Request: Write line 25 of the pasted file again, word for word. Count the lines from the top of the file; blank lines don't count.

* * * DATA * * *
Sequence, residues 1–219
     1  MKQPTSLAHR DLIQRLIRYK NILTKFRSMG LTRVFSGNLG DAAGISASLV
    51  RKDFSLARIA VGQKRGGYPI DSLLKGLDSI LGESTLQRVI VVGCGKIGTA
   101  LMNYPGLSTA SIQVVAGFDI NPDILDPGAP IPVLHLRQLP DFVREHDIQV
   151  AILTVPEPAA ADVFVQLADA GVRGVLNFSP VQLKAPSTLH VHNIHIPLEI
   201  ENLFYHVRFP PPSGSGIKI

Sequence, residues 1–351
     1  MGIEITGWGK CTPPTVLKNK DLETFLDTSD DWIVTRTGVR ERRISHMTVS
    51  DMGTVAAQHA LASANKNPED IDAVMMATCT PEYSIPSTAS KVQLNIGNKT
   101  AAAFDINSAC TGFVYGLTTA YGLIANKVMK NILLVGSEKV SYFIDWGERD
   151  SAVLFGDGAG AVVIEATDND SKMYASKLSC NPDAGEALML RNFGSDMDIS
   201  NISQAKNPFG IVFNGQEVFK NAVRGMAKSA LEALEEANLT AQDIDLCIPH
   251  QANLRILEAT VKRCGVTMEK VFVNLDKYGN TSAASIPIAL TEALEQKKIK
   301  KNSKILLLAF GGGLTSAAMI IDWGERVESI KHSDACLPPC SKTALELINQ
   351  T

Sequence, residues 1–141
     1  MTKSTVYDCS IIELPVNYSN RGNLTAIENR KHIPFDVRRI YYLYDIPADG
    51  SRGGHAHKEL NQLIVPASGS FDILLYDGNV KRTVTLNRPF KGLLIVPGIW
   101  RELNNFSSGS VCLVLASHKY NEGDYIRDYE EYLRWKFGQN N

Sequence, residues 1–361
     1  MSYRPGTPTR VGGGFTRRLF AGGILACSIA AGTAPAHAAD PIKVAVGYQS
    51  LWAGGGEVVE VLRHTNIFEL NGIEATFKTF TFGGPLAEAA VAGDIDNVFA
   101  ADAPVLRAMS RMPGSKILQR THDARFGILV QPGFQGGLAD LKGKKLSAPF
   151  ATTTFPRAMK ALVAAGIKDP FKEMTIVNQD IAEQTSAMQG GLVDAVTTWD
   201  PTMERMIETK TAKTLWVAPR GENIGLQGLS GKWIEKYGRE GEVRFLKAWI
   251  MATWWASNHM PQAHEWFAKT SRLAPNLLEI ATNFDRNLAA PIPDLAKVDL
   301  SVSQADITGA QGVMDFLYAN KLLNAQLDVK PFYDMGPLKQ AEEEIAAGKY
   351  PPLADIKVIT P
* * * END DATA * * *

   201  PTMERMIETK TAKTLWVAPR GENIGLQGLS GKWIEKYGRE GEVRFLKAWI